• Are you at the core of the crowd, as one of the “sinners” who has found Jesus? If so, how does this help stir a heart of compassion for other “sinners” around you?
  • What attitudes and actions in your life might be detracting others from the love of Jesus? Are there some things in your life that attract people to Him?

“My son…was lost, and is found.”                                                 Lk 15:24

After telling the story of the lost sheep and the lost silver, Jesus ends up by telling us the story of the lost son. The interesting thing about him is that he knew he was lost, and knew his way home. The shepherd sought the lost sheep, the lady with the lamp sought the lost silver, but nobody went looking for the lost son. Only when he had squandered his inheritance and ended up in a pigpen do we read: “When he came to his senses, he said…‘I will…go back to my father and say to him: Father, I have sinned’…But while he was still a long way off, his father saw him and was filled with compassion for him; he ran to his son, threw his arms around him and kissed him…the father said to his servants, ‘Quick! Bring the best robe and put it on him. Put a ring on his finger and sandals on his feet. Bring the fattened calf and kill it. Let’s have a feast and celebrate. For this son of mine was…lost and is found’” (vv.17-24 NIV). Backslider, though you have walked away from God, He is waiting to welcome you home. Your place at the table is reserved. He has a ring of sonship that identifies you as His own, and a robe of righteousness to cover your shame. The Prodigal Son’s joy didn’t return until he came back to his father’s house. So, you have a decision to make. Though you’re disappointed in yourself and ashamed before the God you’ve failed, you can come back home. And you can come today.

“I have found my sheep which was lost.”                                Lk 15:6 NKJV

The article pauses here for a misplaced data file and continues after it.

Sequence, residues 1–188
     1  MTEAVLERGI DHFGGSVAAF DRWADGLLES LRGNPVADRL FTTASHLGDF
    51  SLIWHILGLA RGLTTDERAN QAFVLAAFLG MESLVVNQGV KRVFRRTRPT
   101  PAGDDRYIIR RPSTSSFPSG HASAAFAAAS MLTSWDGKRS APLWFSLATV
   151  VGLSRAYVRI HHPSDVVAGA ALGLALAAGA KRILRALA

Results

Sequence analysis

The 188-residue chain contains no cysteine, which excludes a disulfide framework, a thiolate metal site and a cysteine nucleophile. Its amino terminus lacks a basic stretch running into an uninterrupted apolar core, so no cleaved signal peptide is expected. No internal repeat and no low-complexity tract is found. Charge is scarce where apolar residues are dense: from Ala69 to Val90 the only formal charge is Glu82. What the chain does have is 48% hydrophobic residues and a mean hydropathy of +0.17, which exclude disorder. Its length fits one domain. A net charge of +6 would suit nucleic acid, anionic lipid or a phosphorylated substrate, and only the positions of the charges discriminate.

Luke chapter 15 is sometimes referred to as “the lost and found column” of the Bible. In it you find the parable of the lost sheep, the lost silver, and the lost son. Today let’s look at the lost sheep. Like all of us, it had no intention of losing its way. Indeed, it probably thought it wasn’t lost at all. This parable shows us two wonderful things about Jesus, our Shepherd: (1) The value God places on you!Some of us would say, “It’s only one out of a hundred sheep, no big deal, nobody will miss it.” Wrong, the Good Shepherd will! Understand this: If you had been the only person who ever lived, Jesus would have gone to the cross and died just for you. Next time you feel worthless and unloved, think about that! (2) The lengths to which God will go to save you! To save Cornelius, a Gentile, God demolished social and religious barriers and sent Peter, a Jew, down to Caesarea to preach the gospel to him. Heaven cannot shut its ears to the cry of one lost soul! When Cornelius prayed, God replied, “Your prayers…have come up for a memorial before [me]” (Ac 10:4 NKJV). And here’s a gem: “When [the shepherd] has found it, he lays it on his shoulders, rejoicing” (Lk 15:5 NKJV). Jesus will not only save you, He will “carry” you when you feel you can’t go on. His promise is, “I will never leave you nor forsake you” (Heb 13:5 NKJV). One Sunday when Charles Spurgeon preached, a man jumped up and shouted, “I’m lost!” Spurgeon replied, “Thank God, you’ve just been found!”